If you miss the minimum payment, then your lender will contact you immediately and make any extra charges which you should be well aware of in advance. If you continue to miss payments, then they may take further action. Your credit card company is within its rights to employ a debt collection agency.
Debt collection agents are allowed to come to your home to demand payment, but they can’t repossess your belongings like a Bailiff can. Make sure you check your rights, and their ID, before allowing anyone into your home. If you’re unsure, don’t let them in.
If things escalate, you may be issued with a County Court Judgement (CCJ) and they may send a Bailiff if this is ignored or you fail to make the payments.
Can credit card debt be written off?
In theory, credit card debts can be written off but you would need to enter into a formal debt solution.
In England this could be:
- An IVA or Individual Voluntary Agreement
- DRO or Debt Relief Order
These options don’t always allow you to write off your credit card debt and you’ll only write off what you actually can’t afford to pay. Creditors will only agree to these solutions if they believe it will benefit them more than if you don’t take a formal solution.
Always seek debt advice before signing up for any kind of debt solution, formal or informal.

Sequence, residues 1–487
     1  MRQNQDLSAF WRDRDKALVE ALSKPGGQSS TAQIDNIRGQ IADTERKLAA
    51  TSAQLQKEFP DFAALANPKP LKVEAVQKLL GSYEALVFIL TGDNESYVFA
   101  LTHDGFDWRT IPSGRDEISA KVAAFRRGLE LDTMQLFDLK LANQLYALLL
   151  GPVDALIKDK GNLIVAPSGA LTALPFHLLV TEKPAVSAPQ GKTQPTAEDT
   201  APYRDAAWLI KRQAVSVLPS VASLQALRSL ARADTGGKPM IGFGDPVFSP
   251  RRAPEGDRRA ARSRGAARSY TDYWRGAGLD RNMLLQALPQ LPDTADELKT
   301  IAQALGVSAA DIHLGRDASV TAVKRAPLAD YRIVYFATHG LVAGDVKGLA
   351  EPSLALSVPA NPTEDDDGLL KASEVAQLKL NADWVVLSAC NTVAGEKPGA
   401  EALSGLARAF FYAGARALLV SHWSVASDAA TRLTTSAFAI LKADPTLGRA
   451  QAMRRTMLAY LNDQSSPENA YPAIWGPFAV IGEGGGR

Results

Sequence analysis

Other solutions to credit card debt
A debt consolidation loan is an alternative debt solution. It allows you to borrow enough money to pay off your existing debts. So that you just pay one, affordable monthly payment at a fixed interest rate.
Debt problems can become overwhelming and if you owe a lot, it can be difficult to start paying it back. But ignoring your money worries will only make it worse.
If you’re looking for a debt consolidation loan, fill in an online application form for more information on your options.Fill in Our Application
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Unsecured Loan Representative 69.9% APR
Borrowing £7,500 over 36 months, repaying £502 per month, total repayable £18,083. Total cost of credit £10,583. Interest rate 69.9% (variable). The lenders on our panel offer loans for 12-60 months, with rates from 5.8% APR to 89.9% APR. The Representative Example is based on all loans paid out by lenders between 19th Apr 2022 and 23rd Dec 2022.
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If you choose to add fees to the loan: Assumed borrowing of £25,000 over 120 months, plus a broker fee of £2,500 and a lender fee of £250 would result in monthly repayments of £345.55, the borrowing rate is 8.6% (variable), the APRC is 11.7% (variable), total charge for credit £16,466.00 and the total amount payable £41,466.00. You can opt to pay the lender and/or broker fees upfront, your adviser will discuss these options with you.
Think carefully before securing other debts against your home. Your home may be repossessed if you do not keep up repayments on a mortgage or any debt secured on it. All rates vary subject to loan amount, loan type and status. Repaying your debt over a longer period of time may increase the amount you pay.